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‘No Politics’ Public School In Colorado Sees Huge Growth In Just One Year

Image CreditMerit Academy / courtesy photo

Merit Academy’s vision: students prepared for success in a free society, promoting civic responsibility, and contributing their talents in a flourishing republic.


It seems a lifetime ago when The Federalist introduced you last fall to Merit Academy in Woodland Park, Colorado. It’s a no-politics public school designed and overseen by local parents, opened in just one year of intense planning and work. These past seven months have seen this public contract school grow and flourish, despite many challenges.

“When you think back to where we were a year ago, it is surreal,” says Gwynne Pekron, Merit’s director of development and chief action officer, beaming. “This was a dream for many, but a vision to us.”

Merit Academy is a classical, Core Knowledge school that opened on August 23, 2021, to 184 full-time students and more than 80 part-time homeschool students. The parents and community members who built Merit sought an education that would challenge children and build lasting friendships, without the controversial politics often found in public schools.

“Merit Academy is a shining example of our virtues of valor, goodness, and perseverance,” reflected local parent Heather Scholz. “It meets the demand of parents who have given up on the direction of modern schools.”

When we last checked in with Merit Academy, they were working hard in the classroom basement of Faith Lutheran Church, which generously opened its doors to Merit when the school’s board struggled to find a space big enough to accommodate parent demand. Where are they now?

After calling both Faith Lutheran and Mountain View Methodist churches home, Merit Academy is now in its “start-up Bear Den” at a re-purposed hardware store in a local strip mall. Outside recess space was kindly offered by neighboring Our Lady of the Woods Catholic Church. Classroom walls are portable, lined with sound blankets to alleviate noise.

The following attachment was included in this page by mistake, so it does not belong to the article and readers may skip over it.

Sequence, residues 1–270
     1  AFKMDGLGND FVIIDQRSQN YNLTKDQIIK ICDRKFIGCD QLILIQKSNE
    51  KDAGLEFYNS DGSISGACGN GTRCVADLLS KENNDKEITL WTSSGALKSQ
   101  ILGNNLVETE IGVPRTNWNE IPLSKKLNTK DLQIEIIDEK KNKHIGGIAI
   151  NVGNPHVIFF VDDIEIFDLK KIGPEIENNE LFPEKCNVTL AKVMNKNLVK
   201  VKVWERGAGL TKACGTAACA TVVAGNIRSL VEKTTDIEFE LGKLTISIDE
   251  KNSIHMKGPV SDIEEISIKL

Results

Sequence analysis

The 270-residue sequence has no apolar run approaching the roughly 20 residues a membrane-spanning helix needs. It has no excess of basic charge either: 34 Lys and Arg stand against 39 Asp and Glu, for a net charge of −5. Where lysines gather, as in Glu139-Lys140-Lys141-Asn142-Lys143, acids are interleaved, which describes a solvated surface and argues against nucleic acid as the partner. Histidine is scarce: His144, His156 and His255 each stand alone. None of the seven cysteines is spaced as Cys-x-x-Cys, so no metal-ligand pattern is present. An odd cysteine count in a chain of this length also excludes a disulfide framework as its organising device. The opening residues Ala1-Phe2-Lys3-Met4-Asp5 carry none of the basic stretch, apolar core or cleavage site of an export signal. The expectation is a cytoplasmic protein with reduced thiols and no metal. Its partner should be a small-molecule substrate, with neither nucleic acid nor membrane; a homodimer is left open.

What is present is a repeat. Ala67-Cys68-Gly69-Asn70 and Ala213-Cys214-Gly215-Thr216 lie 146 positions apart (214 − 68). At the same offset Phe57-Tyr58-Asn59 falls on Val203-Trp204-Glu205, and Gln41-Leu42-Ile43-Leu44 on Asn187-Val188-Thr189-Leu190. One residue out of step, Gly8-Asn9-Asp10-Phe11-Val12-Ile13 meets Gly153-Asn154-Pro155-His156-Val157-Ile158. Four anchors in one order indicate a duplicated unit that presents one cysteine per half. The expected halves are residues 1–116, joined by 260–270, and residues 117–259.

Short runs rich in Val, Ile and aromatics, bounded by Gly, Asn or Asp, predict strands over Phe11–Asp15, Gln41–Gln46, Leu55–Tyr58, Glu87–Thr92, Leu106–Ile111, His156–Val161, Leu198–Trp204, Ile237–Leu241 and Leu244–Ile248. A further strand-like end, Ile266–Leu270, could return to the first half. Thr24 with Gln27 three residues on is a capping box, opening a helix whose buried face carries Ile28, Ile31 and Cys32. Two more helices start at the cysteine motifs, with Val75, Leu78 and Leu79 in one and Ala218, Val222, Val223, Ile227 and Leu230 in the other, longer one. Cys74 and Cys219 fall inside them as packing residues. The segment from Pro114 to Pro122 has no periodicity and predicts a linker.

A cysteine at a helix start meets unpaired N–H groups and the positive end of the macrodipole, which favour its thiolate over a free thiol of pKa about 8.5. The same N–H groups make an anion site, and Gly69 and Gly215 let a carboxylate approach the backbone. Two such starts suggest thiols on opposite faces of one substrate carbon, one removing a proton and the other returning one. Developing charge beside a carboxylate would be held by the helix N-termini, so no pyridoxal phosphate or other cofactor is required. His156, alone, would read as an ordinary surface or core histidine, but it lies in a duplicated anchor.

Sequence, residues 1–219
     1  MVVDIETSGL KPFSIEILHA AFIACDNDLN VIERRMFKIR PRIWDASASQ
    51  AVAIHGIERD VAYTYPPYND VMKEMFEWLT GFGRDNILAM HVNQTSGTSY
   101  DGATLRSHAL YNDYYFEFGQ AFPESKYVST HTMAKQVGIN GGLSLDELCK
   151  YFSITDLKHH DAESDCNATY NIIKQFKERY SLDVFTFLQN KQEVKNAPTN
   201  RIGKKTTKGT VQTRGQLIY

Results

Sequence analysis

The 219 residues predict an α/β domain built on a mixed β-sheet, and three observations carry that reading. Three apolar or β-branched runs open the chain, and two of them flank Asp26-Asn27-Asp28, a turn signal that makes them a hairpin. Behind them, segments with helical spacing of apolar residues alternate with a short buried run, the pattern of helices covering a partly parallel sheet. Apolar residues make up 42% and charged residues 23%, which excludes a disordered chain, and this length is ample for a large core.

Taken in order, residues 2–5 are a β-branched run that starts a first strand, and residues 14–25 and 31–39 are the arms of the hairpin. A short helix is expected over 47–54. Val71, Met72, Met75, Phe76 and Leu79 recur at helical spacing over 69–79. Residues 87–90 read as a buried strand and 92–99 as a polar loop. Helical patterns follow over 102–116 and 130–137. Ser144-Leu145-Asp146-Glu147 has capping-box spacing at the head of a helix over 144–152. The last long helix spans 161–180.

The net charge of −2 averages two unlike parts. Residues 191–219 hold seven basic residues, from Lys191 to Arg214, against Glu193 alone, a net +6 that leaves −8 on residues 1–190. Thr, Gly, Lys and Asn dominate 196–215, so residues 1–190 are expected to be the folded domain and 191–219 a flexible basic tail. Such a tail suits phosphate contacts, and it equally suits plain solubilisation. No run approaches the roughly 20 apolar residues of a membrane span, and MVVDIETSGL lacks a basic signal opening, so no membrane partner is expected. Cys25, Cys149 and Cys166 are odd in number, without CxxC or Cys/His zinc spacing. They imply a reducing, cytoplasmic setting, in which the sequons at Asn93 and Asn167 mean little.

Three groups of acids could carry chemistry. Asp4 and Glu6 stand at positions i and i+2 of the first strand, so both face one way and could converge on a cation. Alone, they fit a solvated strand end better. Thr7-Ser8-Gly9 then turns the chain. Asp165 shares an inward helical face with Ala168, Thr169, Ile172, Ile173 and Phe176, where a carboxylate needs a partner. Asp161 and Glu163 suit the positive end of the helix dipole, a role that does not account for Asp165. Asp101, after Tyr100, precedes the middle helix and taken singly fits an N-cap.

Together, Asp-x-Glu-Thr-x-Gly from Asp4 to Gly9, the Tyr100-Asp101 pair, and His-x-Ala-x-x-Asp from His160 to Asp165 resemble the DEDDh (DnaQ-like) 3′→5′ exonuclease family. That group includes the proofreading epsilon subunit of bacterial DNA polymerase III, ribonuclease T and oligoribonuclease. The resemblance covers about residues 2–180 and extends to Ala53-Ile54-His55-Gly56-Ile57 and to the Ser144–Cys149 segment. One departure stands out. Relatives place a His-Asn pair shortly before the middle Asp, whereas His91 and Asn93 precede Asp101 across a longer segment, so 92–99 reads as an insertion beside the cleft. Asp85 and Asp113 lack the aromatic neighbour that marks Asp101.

From these walls hang children’s artwork and school projects, ranging from idioms to drawings of George Washington to designs of engineered future cities.

“For the first time, my son doesn’t ask for a ‘sick day,’” says Tarin McNeese, a sixth-grade parent. “This is not to say it’s easy—he works at it—but when challenged, his teachers guide him. I personally appreciate the school’s transparency with what is taught.”

The Merit Bears study science, English, history, reading, mathematics, Latin, language lab, and writing. In the halls, one hears lively songs of the upcoming spring performance, recitations of numbers study, and discussions of what it means to be valorous, one of the five Merit virtues.

The classes are driven by Merit’s vision: students prepared for success in a free society, promoting civic responsibility, and contributing their talents in a flourishing republic by pursuing beauty, truth, and good.

The desire for choice is stronger than ever, not only in this beautiful mountain community but across the nation as charter school enrollments climb. In November 2021, this school district had its first contested school board election in more than a decade, and Merit’s existence, school choice, and critical race theory were all on the ballot.

All four school-choice candidates swept the election, but their change agenda faces fierce resistance from the defeated minority. The new board majority is addressing the taxpayers’ concerns about district facilities operating at approximately 50 percent capacity. They are committed to stopping the 20-year trend of severely declining enrollment and family exodus.

The local school district was losing families who decided to live elsewhere or place their children in public and private schools outside Teller County, a picturesque rural location encompassing Pike’s Peak and adjacent to Colorado Springs. To bring families back, the new school board members support a parent’s right to know what is being taught. They support Merit Academy and school choice for parents. They plan to increase staff salaries and right a ship that has been listing for 20 years.

While holding her two-year-old, Nicole Waggoner, one of Merit’s founders, said, “Merit adds educational choice many people want. These families appreciate our virtues, our curriculum, and our school, so our enrollment numbers are through the roof. We’re drawing families up the pass [from Colorado Springs], which contributes to a thriving community.”

Image courtesy Merit Academy.

Seeing smiling faces in the “Bear Den,” one may wonder what challenges Merit Academy has overcome. “Starting a school is not easy,” reflected Pekron, “but it is worth it, especially when you hear your kids talking about the War of 1812, how a cat’s eyes adjust at night, or how they acted responsibly that day. It’s worth every breath.”